Simple Repositories in Laravel

Abstracting common queries in your Laravel applications can be done in many ways. Let's take a look at the simplest way using the "Repository pattern".

Published 2 months ago | Updated 2 months ago
Laravel

The "Repository pattern" is essentially another level of abstraction on top of your database abstraction layer. In the context of Laravel, these are simple classes with methods that call more complex chains of methods on your model classes.

Generally, each repository is responsible for one entity within your application. For example, a UserRepository should only be responsible for retrieving User records.

Abstract implementation

I've seen various people use traits to implement repositories directly inside of their models. Personally I think this gives the model too much responsibility, especially since models in Laravel are essentially "God classes" already.

Instead, I'll create an abstract class that all of the repository classes will extend:

<?php
  
namespace App\Repositories;

abstract class Repository
{
    //
}

All of the repository classes will live inside of the app/Repositories folder and are namespaced accordingly. If you're following a domain-driven design, you could put this class inside of a "shared" domain.

Each repository needs to have some model-based context, so we'll add a static property to our base class.

<?php
  
namespace App\Repositories;

abstract class Repository
{
    protected static string $model;
}

I've chosen to make this protected since I don't need to access it externally, but I still need to have access to it / overwrite it in the child class. You could make it public if you wanted to do some conditional logic based on the value.

This $model property should contain the fully-qualified namespace of a model class, for example User::class.

The reason this implementation of the repository pattern is so simple is that all method calls from inside of the class will be delegated to an instance of $model.

The missing piece of the puzzle is the all-mighty magic __call() method.

<?php
  
namespace App\Repositories;

use Illuminate\Support\Facades\App;

abstract class Repository
{
    protected static string $model;

    public function __call(string $name, array $arguments)
    {
        return App::make(static::$model)->{$name}(...$arguments);
    }
}

Now whenever we call a method that doesn't exist on your repository class, it will instead be delegated / deferred to an instance of the underlying $model.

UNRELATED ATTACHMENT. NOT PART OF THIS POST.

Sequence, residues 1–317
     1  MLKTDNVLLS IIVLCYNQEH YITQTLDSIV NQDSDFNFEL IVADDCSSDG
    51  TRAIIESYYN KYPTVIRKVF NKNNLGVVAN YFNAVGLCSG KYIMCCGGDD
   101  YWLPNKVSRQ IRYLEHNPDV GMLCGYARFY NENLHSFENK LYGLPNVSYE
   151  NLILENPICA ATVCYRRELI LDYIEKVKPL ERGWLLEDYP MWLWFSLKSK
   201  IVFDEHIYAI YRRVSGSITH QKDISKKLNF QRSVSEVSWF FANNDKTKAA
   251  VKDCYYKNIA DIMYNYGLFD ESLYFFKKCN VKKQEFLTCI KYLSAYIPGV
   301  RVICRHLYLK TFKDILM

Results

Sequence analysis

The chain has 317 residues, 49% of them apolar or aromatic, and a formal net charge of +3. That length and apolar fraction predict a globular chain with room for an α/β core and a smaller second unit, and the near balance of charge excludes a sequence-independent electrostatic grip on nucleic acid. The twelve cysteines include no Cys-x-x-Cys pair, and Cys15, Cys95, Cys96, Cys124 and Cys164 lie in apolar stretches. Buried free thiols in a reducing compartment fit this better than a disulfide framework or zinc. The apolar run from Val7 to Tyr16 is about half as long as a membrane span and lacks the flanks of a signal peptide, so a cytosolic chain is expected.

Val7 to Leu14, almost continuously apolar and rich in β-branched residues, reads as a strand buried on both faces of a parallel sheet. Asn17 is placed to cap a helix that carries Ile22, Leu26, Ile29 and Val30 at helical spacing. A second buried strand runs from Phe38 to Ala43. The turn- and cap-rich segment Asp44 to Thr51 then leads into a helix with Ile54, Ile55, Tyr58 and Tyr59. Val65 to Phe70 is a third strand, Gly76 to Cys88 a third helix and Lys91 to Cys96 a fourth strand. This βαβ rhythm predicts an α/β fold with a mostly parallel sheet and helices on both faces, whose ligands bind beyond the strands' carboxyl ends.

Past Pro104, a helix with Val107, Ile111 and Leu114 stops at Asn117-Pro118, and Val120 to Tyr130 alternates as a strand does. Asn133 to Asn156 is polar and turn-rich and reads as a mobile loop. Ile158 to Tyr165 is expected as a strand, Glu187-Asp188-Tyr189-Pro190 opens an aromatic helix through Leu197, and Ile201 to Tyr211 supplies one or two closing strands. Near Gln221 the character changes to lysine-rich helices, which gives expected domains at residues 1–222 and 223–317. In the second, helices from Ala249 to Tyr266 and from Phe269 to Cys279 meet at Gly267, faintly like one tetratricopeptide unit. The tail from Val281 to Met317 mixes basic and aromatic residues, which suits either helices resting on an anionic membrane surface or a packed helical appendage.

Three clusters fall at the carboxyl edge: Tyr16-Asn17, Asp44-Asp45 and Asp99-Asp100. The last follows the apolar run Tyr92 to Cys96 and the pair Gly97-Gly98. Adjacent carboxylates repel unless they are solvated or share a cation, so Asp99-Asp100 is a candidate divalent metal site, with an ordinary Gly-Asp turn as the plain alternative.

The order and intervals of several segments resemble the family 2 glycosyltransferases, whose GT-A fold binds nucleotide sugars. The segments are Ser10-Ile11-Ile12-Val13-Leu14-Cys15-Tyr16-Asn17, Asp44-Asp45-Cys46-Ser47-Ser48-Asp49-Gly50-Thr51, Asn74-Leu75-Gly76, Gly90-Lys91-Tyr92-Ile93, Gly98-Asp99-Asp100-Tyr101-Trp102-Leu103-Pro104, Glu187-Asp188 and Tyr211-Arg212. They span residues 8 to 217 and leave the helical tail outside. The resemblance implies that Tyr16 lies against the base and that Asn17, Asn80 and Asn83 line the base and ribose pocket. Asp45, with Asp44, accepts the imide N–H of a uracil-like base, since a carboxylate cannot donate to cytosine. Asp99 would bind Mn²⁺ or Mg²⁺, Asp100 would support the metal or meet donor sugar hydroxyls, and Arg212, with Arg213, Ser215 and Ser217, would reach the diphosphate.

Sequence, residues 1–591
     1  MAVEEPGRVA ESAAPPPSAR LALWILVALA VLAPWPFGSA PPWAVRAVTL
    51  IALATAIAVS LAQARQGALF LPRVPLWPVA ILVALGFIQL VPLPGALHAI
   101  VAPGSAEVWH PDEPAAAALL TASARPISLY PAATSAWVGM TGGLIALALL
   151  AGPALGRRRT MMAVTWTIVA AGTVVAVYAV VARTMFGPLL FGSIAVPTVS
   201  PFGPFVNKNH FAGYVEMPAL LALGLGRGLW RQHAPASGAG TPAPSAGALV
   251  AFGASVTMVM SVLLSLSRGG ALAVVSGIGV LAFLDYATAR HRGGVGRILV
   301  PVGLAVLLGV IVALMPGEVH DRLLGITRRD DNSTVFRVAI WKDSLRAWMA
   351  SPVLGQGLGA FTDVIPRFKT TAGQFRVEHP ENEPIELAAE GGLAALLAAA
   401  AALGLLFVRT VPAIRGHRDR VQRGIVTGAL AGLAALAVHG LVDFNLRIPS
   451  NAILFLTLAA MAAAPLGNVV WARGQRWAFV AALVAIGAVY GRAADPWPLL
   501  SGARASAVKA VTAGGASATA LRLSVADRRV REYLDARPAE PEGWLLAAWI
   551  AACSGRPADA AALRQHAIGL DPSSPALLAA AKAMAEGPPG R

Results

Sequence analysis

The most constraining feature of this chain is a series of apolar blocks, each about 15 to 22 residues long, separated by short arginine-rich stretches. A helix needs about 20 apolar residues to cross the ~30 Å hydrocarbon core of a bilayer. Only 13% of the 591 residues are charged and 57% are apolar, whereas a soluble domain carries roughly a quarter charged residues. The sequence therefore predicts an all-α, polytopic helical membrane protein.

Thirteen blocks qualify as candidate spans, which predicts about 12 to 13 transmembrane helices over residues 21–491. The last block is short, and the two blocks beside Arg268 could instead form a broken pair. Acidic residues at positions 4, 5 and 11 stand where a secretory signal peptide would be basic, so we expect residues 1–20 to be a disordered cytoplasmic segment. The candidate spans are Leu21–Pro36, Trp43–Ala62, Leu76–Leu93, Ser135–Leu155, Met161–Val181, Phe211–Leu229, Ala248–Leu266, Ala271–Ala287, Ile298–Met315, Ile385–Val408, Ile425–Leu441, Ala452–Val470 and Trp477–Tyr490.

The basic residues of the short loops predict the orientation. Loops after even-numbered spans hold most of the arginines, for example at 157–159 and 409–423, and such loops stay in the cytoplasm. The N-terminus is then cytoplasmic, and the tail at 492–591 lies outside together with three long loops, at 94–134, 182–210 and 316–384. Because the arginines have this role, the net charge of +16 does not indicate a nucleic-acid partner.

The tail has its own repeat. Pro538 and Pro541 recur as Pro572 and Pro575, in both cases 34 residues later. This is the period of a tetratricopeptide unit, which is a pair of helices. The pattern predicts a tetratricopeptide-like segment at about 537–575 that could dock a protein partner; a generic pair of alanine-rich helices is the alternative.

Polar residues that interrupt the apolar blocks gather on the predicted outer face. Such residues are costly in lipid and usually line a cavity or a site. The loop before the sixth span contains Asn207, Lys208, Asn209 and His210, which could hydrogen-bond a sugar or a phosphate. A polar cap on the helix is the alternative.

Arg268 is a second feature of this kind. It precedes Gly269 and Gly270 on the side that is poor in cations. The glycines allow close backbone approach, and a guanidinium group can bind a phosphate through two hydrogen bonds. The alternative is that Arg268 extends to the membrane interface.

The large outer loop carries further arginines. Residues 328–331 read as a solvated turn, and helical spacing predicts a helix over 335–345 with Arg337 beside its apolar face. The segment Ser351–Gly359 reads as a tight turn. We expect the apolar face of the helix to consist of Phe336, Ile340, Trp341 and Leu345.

An example

A quick example would be creating a UserRepository that has some useful methods for finding a User by email, name and id.

<?php
  
namespace App\Repositories;

use App\User;

class UserRepository extends Repository
{
    protected static string $model = User::class;
  
    public function findByName(string $name): ?User
    {
        return $this->where('name', $name)->first();
    }
  
    public function findByEmail(string $email): ?User
    {
        return $this->where('email', $email)->first();
    }
  
    public function findById(int $id): ?User
    {
        return $this->find($id);
    }
}

Then, inside of a controller you could pull the repository in using dependency injection:

<?php
  
namespace App\Http\Controllers;

use App\Repositories\UserRepository;

class UserController
{
    protected $users;
  
    public function __construct(UserRepository $users)
    {
        $this->users = $users;    
    }
}

Reusing the class

You could copy and paste the class into each of your projects, but I don't like doing that. If I fix or implement something in one place, I'll have to go back and do it everywhere.

Instead I've packaged this Repository class up into a little package that you can install in your projects:

composer require ryangjchandler/repository

It's a stupidly small package, but copy-paste is bad. Install a package instead.

Sign off

I'd love to know if anyone else has used this pattern in their applications and how they implemented it. Comment below or tweet me if you have.

See ya! 👋